Original number: 7584445111   Translated number: 7587775111

Breaking the match portion of this rule into its component parts

  • ^\(758\) creates a set that contains the string 758 at the beginning of the digit string. The caret designates the beginning of a string, and the backslashes change the meaning of the parenthesis from literal characters to set delimiters.

  • 444 designates three literal number fours.

  • The last four digits are grouped into a second set with \(5...\). This set matches any four digits at the end of the string, if they begin with the number 5. The end of the string is designated with the character $.

The replacement part of this equation can look confusing because there is no visual break between its three components, so it is important to understand how the router interprets it. Breaking the replacement part of the rule into its component parts

  • In the expression \1, the backslash changes the number 1 from a literal character. In the translated number, it is replaced with the contents of the first set—758.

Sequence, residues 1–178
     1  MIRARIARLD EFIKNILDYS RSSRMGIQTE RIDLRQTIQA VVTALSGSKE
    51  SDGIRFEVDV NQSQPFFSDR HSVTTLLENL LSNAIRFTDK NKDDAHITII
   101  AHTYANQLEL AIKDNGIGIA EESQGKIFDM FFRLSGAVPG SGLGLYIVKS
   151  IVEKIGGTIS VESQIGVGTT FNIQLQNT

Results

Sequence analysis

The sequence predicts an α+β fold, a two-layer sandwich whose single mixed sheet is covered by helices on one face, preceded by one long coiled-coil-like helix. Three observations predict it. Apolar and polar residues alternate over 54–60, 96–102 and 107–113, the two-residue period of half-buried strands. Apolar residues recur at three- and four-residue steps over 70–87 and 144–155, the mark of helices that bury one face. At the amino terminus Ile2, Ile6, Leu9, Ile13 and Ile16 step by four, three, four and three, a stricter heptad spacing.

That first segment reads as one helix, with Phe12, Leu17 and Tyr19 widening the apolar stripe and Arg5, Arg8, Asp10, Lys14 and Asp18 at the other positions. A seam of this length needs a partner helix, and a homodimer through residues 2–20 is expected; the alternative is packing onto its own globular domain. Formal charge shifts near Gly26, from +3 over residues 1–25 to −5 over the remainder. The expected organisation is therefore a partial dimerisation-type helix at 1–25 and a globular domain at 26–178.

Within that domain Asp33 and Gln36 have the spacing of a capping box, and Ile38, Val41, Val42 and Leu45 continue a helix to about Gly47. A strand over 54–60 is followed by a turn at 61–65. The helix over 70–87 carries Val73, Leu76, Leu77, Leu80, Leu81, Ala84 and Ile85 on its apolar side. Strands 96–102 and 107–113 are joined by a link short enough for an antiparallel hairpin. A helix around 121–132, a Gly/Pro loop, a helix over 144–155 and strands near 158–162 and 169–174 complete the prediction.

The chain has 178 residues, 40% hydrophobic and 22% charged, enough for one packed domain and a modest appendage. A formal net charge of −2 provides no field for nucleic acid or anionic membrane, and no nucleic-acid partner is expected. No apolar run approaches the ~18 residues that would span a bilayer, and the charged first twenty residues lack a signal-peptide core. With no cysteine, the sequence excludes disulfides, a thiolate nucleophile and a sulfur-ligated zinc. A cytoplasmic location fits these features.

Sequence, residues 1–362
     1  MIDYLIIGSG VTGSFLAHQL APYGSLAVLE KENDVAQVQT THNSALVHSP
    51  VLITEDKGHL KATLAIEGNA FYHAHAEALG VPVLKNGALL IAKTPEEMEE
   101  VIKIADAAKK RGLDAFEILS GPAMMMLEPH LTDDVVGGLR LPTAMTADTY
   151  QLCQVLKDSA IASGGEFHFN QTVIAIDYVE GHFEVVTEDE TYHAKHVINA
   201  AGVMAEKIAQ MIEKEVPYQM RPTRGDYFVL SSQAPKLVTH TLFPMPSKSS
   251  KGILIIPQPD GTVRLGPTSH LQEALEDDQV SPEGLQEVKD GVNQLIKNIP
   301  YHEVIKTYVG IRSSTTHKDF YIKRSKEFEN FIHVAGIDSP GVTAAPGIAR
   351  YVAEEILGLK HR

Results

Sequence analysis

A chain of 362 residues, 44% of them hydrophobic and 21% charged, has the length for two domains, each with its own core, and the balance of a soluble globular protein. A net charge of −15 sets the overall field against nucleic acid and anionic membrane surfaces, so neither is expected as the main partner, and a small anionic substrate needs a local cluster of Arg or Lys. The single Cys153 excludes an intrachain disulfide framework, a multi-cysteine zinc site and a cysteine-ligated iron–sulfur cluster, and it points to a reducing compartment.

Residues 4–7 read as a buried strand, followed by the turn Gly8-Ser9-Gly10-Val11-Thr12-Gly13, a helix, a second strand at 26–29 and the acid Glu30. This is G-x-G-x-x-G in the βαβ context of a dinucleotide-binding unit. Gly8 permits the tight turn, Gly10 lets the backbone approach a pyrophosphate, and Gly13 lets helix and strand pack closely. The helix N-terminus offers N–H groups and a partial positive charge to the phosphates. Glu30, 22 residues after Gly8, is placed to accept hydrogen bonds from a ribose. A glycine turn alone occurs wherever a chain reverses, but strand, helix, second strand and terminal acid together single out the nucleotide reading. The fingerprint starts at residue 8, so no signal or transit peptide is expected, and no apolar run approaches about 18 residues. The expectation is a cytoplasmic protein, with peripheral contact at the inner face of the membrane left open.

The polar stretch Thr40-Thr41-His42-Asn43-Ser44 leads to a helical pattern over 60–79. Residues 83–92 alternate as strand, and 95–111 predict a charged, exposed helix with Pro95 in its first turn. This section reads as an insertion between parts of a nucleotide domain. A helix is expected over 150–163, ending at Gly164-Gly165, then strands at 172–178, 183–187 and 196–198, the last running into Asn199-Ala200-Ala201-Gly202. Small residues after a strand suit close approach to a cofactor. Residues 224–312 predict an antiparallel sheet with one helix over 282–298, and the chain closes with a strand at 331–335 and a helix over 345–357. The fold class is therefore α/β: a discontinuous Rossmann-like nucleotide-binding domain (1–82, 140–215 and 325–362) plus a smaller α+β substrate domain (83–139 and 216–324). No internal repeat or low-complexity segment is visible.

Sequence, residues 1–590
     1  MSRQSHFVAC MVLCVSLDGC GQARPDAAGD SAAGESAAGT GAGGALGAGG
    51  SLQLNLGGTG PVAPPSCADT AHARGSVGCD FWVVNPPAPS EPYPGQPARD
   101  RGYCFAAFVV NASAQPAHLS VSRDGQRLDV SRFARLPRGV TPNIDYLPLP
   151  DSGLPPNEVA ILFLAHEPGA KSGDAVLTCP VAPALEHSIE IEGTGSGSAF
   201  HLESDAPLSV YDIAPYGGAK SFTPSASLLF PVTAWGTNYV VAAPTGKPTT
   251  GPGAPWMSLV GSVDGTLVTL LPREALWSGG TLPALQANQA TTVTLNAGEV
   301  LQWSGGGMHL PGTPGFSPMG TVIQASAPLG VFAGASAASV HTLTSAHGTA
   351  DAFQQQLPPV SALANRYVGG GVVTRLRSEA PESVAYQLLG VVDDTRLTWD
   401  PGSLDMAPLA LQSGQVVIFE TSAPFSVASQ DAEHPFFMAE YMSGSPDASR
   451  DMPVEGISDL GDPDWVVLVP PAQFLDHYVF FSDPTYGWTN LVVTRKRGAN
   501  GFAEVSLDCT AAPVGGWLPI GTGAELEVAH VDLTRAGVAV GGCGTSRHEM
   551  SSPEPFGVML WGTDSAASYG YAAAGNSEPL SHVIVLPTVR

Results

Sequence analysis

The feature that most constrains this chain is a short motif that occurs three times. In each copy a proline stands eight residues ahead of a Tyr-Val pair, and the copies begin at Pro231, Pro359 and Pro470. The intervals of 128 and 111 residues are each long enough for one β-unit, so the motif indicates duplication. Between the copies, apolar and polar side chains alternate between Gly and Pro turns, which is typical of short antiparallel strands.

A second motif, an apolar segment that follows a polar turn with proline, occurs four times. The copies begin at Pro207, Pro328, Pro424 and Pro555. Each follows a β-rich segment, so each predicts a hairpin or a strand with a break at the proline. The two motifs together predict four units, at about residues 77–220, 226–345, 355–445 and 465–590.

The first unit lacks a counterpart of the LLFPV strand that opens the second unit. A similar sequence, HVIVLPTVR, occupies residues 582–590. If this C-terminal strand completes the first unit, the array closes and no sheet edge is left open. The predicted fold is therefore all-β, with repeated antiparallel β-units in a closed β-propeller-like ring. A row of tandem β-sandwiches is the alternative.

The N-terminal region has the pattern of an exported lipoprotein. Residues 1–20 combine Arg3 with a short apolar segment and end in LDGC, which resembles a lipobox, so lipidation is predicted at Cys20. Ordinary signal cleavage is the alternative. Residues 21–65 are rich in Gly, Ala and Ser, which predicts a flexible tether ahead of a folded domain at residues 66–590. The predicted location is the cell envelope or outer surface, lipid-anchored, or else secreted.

• The next three digits, 777, are a literal replacement for 444.

  • The expression \2 points to the second set. In the translated number, it is replaced with the contents of the second set—in this example, the string 5111.

Using Regular Expressions to Change the Call Type or Numbering Plan

You can also match and replace the type of call, such as national or international, and the numbering plan, such as ISDN or national. For instance, the commands in Example 10-8 replace the string 011 with 1 and change the call type from international to national.

Example 10-8 Using Regular Expressions: Changing the Call Type and Numbering Plan